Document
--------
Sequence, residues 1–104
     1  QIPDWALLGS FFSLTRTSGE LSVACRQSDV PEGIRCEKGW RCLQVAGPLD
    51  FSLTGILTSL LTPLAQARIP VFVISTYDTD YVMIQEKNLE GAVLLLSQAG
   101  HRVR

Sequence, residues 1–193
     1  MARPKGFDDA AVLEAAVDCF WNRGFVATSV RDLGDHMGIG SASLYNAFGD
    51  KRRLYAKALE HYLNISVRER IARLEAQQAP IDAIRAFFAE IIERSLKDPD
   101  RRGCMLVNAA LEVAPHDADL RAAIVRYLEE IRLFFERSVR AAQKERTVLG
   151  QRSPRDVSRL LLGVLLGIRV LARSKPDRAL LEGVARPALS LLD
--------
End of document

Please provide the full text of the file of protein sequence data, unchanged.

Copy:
Sequence, residues 1–104
     1  QIPDWALLGS FFSLTRTSGE LSVACRQSDV PEGIRCEKGW RCLQVAGPLD
    51  FSLTGILTSL LTPLAQARIP VFVISTYDTD YVMIQEKNLE GAVLLLSQAG
   101  HRVR

Sequence, residues 1–193
     1  MARPKGFDDA AVLEAAVDCF WNRGFVATSV RDLGDHMGIG SASLYNAFGD
    51  KRRLYAKALE HYLNISVRER IARLEAQQAP IDAIRAFFAE IIERSLKDPD
   101  RRGCMLVNAA LEVAPHDADL RAAIVRYLEE IRLFFERSVR AAQKERTVLG
   151  QRSPRDVSRL LLGVLLGIRV LARSKPDRAL LEGVARPALS LLD